Partnership with LCSWMA eliminates need for fossil fuels and generates revenue for LCSWMA
In locating in Conoy Township, Perdue and LCSWMA formed a unique partnership that allows the plant to have a smaller environmental footprint than the typical soybean processing plant. It also ensures a reliable, long-term revenue source for the authority’s steam. Perdue will use steam from LCSWMA’s Lancaster Waste-to-Energy (WTE) Facility to heat the grain dryers. This enhances energy efficiency and avoids the need to heat boilers with fossil fuels. By using steam, there are no emissions related to fuel combustion from Perdue’s facility.
“LCSWMA is proud to work with Perdue on this innovative partnership,” said Jim Warner, CEO of LCSWMA. “This project exemplifies LCSWMA’s philosophy of discovering and applying ways to maximize waste as a resource to benefit our community.”
The plant will eliminate long-distance transport of soybeans and meal, bringing economic benefits to farmers while reducing environmental footprint.
With plans to process up to 17.5 million bushels per year, Perdue’s plant will eliminate the need to transport soybeans and finished product long distances. Perdue said that the plant is good for the environment and farmers alike. Processing more soybeans locally will help farmers get the most value from their crops while benefitting livestock producers with more affordable feed.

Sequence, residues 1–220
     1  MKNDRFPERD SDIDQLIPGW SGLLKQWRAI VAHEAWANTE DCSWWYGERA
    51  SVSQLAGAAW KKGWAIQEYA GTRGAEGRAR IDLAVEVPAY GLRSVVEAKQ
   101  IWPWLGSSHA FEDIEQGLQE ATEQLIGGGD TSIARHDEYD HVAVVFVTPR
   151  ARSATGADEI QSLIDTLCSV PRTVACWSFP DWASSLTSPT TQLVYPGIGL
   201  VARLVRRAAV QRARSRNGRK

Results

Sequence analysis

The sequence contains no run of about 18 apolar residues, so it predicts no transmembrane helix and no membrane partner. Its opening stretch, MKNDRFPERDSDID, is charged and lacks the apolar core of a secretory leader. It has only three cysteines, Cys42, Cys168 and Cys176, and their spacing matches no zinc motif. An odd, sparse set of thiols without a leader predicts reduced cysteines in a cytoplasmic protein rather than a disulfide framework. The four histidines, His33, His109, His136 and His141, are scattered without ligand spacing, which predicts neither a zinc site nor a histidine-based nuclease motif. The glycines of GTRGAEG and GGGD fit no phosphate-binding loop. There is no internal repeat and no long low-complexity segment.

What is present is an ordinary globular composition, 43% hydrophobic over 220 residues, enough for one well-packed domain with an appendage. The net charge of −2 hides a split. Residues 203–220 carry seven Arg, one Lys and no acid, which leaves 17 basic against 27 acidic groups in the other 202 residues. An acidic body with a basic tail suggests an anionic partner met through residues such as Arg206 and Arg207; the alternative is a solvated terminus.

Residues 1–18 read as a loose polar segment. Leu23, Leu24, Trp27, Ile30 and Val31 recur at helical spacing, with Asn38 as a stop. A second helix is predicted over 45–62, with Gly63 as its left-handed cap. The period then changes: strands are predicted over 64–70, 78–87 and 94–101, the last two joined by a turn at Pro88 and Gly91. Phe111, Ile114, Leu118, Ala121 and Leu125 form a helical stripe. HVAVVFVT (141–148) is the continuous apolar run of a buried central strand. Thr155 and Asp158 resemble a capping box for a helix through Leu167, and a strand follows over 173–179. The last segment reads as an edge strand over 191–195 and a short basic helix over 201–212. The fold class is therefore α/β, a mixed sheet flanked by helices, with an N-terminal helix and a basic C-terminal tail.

According to Perdue Agribusiness, currently most soybeans leave Pennsylvania for processing to come back as livestock feed. Pennsylvania produces 29.6 million bushels of soybeans and consumes more than 44 million bushels of soybean meal annually. Only about 10 million to 12 million bushels are processed within the state. That transport carries a heavy environmental burden.
According to a study by engineering firm AECOM, Perdue’s plant will significantly reduce greenhouse gas emissions associated with transportation, and through the use of waste steam from LCSWMA’s WTE Facility. Compared to current practices, Perdue’s project will result in a 72% net decrease in total emissions. That is equivalent to the greenhouse gas emissions from the energy used by more than 6,300 homes in one year.
“Throughout this project, our company has been willing to go the extra mile, working openly with community stakeholders and regulators to bring this project to fruition for the benefit of Pennsylvania farmers,” said Dick Willey, president of Perdue AgriBusiness. “We’re grateful for all of the support we’ve received over the years. We’re eager to get started. And we’re confident that we’ll continue to meet the high expectations that so many have come to expect of Perdue.”
Perdue AgriBusiness currently operates several grain receiving and storage facilities in Pennsylvania that purchase $148 million in local grain and other products from more than 2,000 farmers and local businesses. The company also sells feed ingredients and refined soybean oil to Pennsylvania food and feed processors as well as dry fertilizers and crop protection products to farmers worth more than $225 million.